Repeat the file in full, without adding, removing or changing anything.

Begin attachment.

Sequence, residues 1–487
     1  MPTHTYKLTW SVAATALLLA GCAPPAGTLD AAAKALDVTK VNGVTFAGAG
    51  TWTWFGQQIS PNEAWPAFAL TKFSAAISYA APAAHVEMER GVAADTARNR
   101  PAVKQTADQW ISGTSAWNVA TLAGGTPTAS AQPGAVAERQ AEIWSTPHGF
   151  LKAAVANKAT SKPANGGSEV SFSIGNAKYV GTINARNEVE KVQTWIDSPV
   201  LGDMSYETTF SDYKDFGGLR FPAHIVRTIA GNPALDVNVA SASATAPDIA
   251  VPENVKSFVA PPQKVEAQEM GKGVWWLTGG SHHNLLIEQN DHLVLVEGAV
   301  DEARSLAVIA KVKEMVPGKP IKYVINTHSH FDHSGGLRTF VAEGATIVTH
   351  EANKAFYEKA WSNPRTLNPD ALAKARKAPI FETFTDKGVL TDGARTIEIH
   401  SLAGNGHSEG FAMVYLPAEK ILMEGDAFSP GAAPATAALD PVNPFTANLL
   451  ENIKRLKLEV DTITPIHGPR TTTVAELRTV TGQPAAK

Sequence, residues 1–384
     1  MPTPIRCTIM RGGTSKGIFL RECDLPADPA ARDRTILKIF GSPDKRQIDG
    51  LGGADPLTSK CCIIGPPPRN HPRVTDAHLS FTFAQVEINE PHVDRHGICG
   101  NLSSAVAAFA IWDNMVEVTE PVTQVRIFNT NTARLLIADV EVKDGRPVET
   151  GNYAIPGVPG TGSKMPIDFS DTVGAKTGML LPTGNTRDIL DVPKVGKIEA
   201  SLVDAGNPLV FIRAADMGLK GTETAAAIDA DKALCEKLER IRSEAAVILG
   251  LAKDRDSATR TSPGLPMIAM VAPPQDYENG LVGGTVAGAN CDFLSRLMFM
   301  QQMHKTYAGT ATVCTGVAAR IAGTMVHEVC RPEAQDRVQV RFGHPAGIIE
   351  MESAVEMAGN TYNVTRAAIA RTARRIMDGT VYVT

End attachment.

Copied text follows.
Sequence, residues 1–487
     1  MPTHTYKLTW SVAATALLLA GCAPPAGTLD AAAKALDVTK VNGVTFAGAG
    51  TWTWFGQQIS PNEAWPAFAL TKFSAAISYA APAAHVEMER GVAADTARNR
   101  PAVKQTADQW ISGTSAWNVA TLAGGTPTAS AQPGAVAERQ AEIWSTPHGF
   151  LKAAVANKAT SKPANGGSEV SFSIGNAKYV GTINARNEVE KVQTWIDSPV
   201  LGDMSYETTF SDYKDFGGLR FPAHIVRTIA GNPALDVNVA SASATAPDIA
   251  VPENVKSFVA PPQKVEAQEM GKGVWWLTGG SHHNLLIEQN DHLVLVEGAV
   301  DEARSLAVIA KVKEMVPGKP IKYVINTHSH FDHSGGLRTF VAEGATIVTH
   351  EANKAFYEKA WSNPRTLNPD ALAKARKAPI FETFTDKGVL TDGARTIEIH
   401  SLAGNGHSEG FAMVYLPAEK ILMEGDAFSP GAAPATAALD PVNPFTANLL
   451  ENIKRLKLEV DTITPIHGPR TTTVAELRTV TGQPAAK

Sequence, residues 1–384
     1  MPTPIRCTIM RGGTSKGIFL RECDLPADPA ARDRTILKIF GSPDKRQIDG
    51  LGGADPLTSK CCIIGPPPRN HPRVTDAHLS FTFAQVEINE PHVDRHGICG
   101  NLSSAVAAFA IWDNMVEVTE PVTQVRIFNT NTARLLIADV EVKDGRPVET
   151  GNYAIPGVPG TGSKMPIDFS DTVGAKTGML LPTGNTRDIL DVPKVGKIEA
   201  SLVDAGNPLV FIRAADMGLK GTETAAAIDA DKALCEKLER IRSEAAVILG
   251  LAKDRDSATR TSPGLPMIAM VAPPQDYENG LVGGTVAGAN CDFLSRLMFM
   301  QQMHKTYAGT ATVCTGVAAR IAGTMVHEVC RPEAQDRVQV RFGHPAGIIE
   351  MESAVEMAGN TYNVTRAAIA RTARRIMDGT VYVT